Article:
The reverse nature of the adjoint calculation can be readily seen as follows. Consider a model integration which consists of \(\Lambda\) consecutive operations \({\cal M}_{\Lambda} ( {\cal M}_{\Lambda-1} ( ...... ( {\cal M}_{\lambda} (...... ( {\cal M}_{1} ( {\cal M}_{0}(\vec{u}) ))))\), where the \({\cal M}\)’s could be the elementary steps, i.e., single lines in the code of the model, or successive time steps of the model integration, starting at step 0 and moving up to step \(\Lambda\), with intermediate \({\cal M}_{\lambda} (\vec{u}) = \vec{v}^{(\lambda+1)}\) and final \({\cal M}_{\Lambda} (\vec{u}) = \vec{v}^{(\Lambda+1)} = \vec{v}\). Let \({\cal J}\) be a cost function which explicitly depends on the final state \(\vec{v}\) only (this restriction is for clarity reasons only). \({\cal J}(u)\) may be decomposed according to:

(7.8)\[{\cal J}({\cal M}(\vec{u})) \, = \, {\cal J} ( {\cal M}_{\Lambda} ( {\cal M}_{\Lambda-1} ( ...... ( {\cal M}_{\lambda} (...... ( {\cal M}_{1} ( {\cal M}_{0}(\vec{u}) )))))\]

Then, according to the chain rule, the forward calculation reads, in terms of the Jacobi matrices (we’ve omitted the \(|\)’s which, nevertheless are important to the aspect of tangent linearity; note also that by definition \(\langle \, \nabla _{v}{\cal J}^T \, , \, \delta \vec{v} \, \rangle = \nabla_v {\cal J} \cdot \delta \vec{v}\) )

(7.9)\[\begin{split}\begin{aligned} \nabla_v {\cal J} (M(\delta \vec{u})) & = \, \nabla_v {\cal J} \cdot M_{\Lambda} \cdot ...... \cdot M_{\lambda} \cdot ...... \cdot M_{1} \cdot M_{0} \cdot \delta \vec{u} \\ ~ & = \, \nabla_v {\cal J} \cdot \delta \vec{v} \\ \end{aligned}\end{split}\]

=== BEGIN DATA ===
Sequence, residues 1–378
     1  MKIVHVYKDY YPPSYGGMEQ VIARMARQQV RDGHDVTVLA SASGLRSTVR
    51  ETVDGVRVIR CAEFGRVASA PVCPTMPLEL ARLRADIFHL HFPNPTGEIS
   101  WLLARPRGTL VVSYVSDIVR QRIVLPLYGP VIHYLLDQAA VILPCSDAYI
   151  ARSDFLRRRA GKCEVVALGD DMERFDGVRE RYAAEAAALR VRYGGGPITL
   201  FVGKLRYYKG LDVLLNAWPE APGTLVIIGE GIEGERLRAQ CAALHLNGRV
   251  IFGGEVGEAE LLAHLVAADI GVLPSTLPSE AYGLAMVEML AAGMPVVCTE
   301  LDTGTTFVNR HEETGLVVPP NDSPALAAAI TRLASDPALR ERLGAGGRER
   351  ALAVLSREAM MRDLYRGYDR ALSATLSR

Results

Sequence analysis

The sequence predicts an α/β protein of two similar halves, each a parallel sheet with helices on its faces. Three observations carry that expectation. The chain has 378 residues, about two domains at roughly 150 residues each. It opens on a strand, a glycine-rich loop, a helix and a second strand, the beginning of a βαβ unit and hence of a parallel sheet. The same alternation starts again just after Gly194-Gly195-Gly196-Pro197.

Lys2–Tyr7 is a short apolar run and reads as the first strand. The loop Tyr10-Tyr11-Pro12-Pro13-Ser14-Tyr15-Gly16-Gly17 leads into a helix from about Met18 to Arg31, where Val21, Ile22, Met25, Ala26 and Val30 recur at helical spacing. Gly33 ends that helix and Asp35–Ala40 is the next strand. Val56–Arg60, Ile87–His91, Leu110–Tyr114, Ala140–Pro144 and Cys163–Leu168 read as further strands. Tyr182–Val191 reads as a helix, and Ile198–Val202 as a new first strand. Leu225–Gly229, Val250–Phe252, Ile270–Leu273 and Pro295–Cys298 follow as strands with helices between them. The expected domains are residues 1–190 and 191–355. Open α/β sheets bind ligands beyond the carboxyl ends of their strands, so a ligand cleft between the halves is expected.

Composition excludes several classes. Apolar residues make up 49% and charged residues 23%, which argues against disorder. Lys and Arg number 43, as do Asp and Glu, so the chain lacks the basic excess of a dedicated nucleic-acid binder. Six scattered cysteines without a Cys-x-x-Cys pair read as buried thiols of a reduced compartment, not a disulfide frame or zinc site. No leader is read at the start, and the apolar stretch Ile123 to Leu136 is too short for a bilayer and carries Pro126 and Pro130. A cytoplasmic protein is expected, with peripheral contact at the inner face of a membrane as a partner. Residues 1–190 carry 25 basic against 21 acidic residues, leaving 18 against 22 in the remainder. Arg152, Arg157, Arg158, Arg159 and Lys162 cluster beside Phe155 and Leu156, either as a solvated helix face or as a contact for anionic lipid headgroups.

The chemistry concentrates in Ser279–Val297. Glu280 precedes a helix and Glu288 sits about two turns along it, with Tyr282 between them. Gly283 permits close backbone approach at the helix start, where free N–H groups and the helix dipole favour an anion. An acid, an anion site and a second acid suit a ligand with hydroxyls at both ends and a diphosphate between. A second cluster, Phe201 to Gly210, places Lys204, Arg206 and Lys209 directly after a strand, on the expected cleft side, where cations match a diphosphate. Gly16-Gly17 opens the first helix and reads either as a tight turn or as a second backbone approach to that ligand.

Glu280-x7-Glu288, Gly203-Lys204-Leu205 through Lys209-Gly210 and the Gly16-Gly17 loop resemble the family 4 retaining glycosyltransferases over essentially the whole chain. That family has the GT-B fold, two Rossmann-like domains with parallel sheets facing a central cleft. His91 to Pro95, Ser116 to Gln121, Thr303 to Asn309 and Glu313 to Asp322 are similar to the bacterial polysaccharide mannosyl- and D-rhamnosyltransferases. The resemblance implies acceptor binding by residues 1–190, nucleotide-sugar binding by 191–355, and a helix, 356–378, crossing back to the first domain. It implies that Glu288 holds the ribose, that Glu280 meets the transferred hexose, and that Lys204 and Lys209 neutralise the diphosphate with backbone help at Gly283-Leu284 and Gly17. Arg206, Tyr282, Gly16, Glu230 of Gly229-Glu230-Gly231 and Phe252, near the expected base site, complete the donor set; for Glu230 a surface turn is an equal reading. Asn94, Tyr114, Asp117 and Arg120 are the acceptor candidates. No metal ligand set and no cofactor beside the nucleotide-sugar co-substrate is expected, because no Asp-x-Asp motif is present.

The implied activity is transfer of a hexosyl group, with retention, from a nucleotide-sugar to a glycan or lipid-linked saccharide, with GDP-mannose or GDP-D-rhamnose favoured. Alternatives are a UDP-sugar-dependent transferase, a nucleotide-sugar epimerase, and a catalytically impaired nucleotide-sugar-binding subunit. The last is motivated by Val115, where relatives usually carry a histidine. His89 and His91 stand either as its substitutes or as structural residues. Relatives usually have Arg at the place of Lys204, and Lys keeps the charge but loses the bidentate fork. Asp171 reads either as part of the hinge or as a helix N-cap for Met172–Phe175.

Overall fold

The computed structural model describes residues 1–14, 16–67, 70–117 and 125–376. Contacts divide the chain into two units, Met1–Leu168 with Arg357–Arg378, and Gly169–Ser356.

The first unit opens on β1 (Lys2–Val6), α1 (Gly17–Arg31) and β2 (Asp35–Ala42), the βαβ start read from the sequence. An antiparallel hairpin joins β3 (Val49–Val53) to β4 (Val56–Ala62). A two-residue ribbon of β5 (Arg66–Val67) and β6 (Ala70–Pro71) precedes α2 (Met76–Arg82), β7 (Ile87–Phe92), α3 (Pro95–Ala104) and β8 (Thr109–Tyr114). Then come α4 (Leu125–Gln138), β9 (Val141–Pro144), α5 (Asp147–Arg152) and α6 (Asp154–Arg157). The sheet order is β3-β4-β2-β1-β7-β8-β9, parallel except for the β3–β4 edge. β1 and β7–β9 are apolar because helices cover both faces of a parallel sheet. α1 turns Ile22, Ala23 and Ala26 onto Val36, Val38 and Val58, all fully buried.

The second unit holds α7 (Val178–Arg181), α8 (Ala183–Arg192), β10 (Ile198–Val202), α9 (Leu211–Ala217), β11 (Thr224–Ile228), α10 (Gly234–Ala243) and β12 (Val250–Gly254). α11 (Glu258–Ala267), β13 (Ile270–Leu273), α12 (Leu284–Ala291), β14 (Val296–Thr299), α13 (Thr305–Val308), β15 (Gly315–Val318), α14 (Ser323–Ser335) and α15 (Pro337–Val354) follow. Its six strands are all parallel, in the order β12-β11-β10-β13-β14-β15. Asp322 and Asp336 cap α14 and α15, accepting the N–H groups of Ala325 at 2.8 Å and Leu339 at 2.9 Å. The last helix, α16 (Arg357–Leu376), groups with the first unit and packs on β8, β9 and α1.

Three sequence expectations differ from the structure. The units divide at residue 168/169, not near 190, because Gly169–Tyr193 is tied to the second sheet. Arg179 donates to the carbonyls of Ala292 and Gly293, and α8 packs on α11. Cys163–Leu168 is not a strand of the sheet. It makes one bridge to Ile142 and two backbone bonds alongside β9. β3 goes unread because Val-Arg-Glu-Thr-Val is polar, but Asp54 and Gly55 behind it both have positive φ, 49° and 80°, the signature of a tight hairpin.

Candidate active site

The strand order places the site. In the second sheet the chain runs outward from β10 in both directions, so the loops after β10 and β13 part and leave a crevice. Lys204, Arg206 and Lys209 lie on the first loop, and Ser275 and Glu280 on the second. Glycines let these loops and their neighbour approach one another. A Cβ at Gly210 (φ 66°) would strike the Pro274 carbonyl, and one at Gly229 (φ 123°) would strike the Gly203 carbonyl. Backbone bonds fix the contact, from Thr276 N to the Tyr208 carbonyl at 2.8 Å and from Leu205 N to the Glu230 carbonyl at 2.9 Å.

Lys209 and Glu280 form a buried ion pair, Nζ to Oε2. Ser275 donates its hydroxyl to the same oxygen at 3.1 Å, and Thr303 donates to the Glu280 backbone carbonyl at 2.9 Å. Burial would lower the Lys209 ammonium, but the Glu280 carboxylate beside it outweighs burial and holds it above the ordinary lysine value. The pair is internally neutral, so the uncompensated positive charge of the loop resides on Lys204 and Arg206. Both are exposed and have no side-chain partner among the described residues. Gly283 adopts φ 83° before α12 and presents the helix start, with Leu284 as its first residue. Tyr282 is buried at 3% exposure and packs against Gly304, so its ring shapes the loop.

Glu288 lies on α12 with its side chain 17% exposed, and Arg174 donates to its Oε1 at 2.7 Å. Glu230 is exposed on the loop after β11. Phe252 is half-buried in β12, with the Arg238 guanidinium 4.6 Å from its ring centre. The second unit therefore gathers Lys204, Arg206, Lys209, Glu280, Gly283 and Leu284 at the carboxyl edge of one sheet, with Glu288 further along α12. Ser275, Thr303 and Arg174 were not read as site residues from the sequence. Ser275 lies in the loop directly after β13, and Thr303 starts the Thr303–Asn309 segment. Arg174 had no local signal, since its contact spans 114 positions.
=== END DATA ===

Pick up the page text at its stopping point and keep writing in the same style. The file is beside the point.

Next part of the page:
whereas in reverse mode we have

(7.10)\[\begin{split}\boxed{ \begin{aligned} M^T ( \nabla_v {\cal J}^T) & = \, M_{0}^T \cdot M_{1}^T \cdot ...... \cdot M_{\lambda}^T \cdot ...... \cdot M_{\Lambda}^T \cdot \nabla_v {\cal J}^T \\ ~ & = \, M_{0}^T \cdot M_{1}^T \cdot ...... \cdot \nabla_{v^{(\lambda)}} {\cal J}^T \\ ~ & = \, \nabla_u {\cal J}^T \end{aligned}}\end{split}\]

clearly expressing the reverse nature of the calculation. (7.10) is at the heart of automatic adjoint compilers. If the intermediate steps \(\lambda\) in (7.8)(7.10) represent the model state (forward or adjoint) at each intermediate time step as noted above, then correspondingly, \(M^T (\delta \vec{v}^{(\lambda) \, \ast}) = \delta \vec{v}^{(\lambda-1) \, \ast}\) for the adjoint variables. It thus becomes evident that the adjoint calculation also yields the adjoint of each model state component \(\vec{v}^{(\lambda)}\) at each intermediate step \(\lambda\), namely

\[\begin{split}\boxed{ \begin{aligned} \nabla_{v^{(\lambda)}} {\cal J}^T |_{\vec{v}^{(\lambda)}} & = \, M_{\lambda}^T |_{\vec{v}^{(\lambda)}} \cdot ...... \cdot M_{\Lambda}^T |_{\vec{v}^{(\lambda)}} \cdot \delta \vec{v}^{\ast} \\ ~ & = \, \delta \vec{v}^{(\lambda) \, \ast} \end{aligned}}\end{split}\]

in close analogy to (7.7) we note in passing that the \(\delta \vec{v}^{(\lambda) \, \ast}\) are the Lagrange multipliers of the model equations which determine \(\vec{v}^{(\lambda)}\).

In components, (7.7) reads as follows. Let

\[\begin{split}\begin{array}{rclcrcl} \delta \vec{u} & = & \left( \delta u_1,\ldots, \delta u_m \right)^T , & \qquad & \delta \vec{u}^{\ast} \,\, = \,\, \nabla_u {\cal J}^T & = & \left( \frac{\partial {\cal J}}{\partial u_1},\ldots, \frac{\partial {\cal J}}{\partial u_m} \right)^T \\ \delta \vec{v} & = & \left( \delta v_1,\ldots, \delta u_n \right)^T , & \qquad & \delta \vec{v}^{\ast} \,\, = \,\, \nabla_v {\cal J}^T & = & \left( \frac{\partial {\cal J}}{\partial v_1},\ldots, \frac{\partial {\cal J}}{\partial v_n} \right)^T \\ \end{array}\end{split}\]

denote the perturbations in \(\vec{u}\) and \(\vec{v}\), respectively, and their adjoint variables; further

\[\begin{split}M \, = \, \left( \begin{array}{ccc} \frac{\partial {\cal M}_1}{\partial u_1} & \ldots & \frac{\partial {\cal M}_1}{\partial u_m} \\ \vdots & ~ & \vdots \\ \frac{\partial {\cal M}_n}{\partial u_1} & \ldots & \frac{\partial {\cal M}_n}{\partial u_m} \\ \end{array} \right)\end{split}\]